They all strike out

The following editorial appeared last week in the Chicago Tribune.

Fans can't be surprised that home run king Barry Bonds, ace pitcher Roger Clemens and slugger Sammy Sosa were not elected to the National Baseball Hall of Fame this year.

But nobody?

Bonds, a seven-time MVP who holds the single-season and career home run records, collected votes from 36.2 percent of the baseball writers casting ballots. Clemens, the only seven-time Cy Young winner, got 37.6 percent. Sosa, famous for a 1998 home run duel and a 2003 corked bat, got 12.5. They needed 75 percent.

All three have been linked to performance-enhancing drugs. We get that. They don't deserve the honor.

But the baseball writers also declined to admit Astros' slugger Craig Biggio (68.2 percent); his teammate, first baseman Jeff Bagwell (59.6 percent); Mets catcher Mike Piazza (57.8 percent); or any of 31 other eligible players.

For only the eighth time, no player was elected. Bummer.

Our gripe isn't with the writers who collectively set the bar for entry into baseball's shrine. Stars who cheated should be excluded. It's galling enough to have to see their performance records on the books.

But we're just disappointed when a momentous honor is in play and the winner is - nobody.

It happens. Just last year, the Pulitzer Prize board declined to name a winner in the fiction category, to the dismay of readers who loved Karen Russell's "Swamplandia." (No award for editorial writing, either. Hey!)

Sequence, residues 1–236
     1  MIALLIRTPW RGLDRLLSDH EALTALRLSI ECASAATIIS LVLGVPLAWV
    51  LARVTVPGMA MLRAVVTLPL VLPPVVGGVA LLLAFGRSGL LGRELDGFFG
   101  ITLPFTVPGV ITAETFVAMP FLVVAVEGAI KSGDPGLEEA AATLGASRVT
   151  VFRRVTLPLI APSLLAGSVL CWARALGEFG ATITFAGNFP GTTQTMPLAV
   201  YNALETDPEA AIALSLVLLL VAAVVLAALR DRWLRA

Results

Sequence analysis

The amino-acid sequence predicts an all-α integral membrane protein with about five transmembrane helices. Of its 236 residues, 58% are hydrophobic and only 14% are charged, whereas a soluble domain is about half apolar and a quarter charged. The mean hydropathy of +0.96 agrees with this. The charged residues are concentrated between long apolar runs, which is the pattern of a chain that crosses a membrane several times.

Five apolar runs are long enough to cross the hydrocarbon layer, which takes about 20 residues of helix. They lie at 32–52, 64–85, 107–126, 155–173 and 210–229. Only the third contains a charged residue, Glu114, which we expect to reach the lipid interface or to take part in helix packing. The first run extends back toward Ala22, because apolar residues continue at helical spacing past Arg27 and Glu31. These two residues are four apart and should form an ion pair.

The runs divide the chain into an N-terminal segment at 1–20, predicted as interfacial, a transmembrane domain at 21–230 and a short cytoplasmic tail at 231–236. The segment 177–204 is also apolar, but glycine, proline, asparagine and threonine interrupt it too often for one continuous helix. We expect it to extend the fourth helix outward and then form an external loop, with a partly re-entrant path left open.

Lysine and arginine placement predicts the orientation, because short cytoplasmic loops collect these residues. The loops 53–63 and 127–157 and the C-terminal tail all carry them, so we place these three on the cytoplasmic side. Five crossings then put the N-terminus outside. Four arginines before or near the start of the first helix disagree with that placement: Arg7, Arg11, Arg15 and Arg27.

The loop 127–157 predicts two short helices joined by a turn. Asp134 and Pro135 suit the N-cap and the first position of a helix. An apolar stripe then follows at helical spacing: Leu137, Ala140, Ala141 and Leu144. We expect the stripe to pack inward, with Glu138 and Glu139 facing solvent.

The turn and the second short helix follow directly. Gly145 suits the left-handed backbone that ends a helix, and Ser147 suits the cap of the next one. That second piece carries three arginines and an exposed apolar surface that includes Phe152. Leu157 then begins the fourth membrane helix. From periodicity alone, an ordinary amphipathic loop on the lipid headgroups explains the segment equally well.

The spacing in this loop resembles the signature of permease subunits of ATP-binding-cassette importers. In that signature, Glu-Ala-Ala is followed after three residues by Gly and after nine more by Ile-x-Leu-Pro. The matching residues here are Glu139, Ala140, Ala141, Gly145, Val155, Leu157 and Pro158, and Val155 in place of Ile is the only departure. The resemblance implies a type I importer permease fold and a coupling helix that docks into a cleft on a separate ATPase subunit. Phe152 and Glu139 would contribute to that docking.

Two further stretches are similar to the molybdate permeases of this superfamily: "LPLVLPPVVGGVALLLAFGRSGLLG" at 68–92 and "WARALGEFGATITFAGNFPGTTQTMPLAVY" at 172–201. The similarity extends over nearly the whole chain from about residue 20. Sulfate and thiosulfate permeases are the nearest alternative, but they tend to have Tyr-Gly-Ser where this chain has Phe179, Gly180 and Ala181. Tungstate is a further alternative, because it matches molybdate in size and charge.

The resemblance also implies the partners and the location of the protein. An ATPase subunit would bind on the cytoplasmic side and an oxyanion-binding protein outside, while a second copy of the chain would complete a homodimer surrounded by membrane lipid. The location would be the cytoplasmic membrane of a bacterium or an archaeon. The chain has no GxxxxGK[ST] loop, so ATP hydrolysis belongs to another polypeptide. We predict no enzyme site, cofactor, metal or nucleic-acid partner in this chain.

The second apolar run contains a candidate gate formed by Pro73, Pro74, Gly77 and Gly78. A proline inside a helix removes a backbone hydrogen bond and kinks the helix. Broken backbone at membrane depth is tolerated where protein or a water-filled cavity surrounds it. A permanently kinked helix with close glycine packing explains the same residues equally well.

The Grammys' Best New Artist award, the kiss of death to countless rising stars, was not given in 1967.

It used to be fairly common for the Nobel Peace Prize to go unclaimed: It happened 18 times between 1901 and 1972, including five years in a row from 1939 to 1943. A winner has been named every year since 1973, however.

Time magazine has been known to punt on its Person of the Year honor, bestowing it on American Women in 1975, The Computer in 1982 and You in 2006. But at least Time never devoted its end-of-the-year cover to Nobody.

The editorial board is composed of the publisher and four journalists of varied editing and reporting backgrounds. The board's discussions and information gained from its meetings with political, civic, and business leaders drive the institutional voice of The Day, as expressed in its editorials. The editorial department operates separately from the newsroom.


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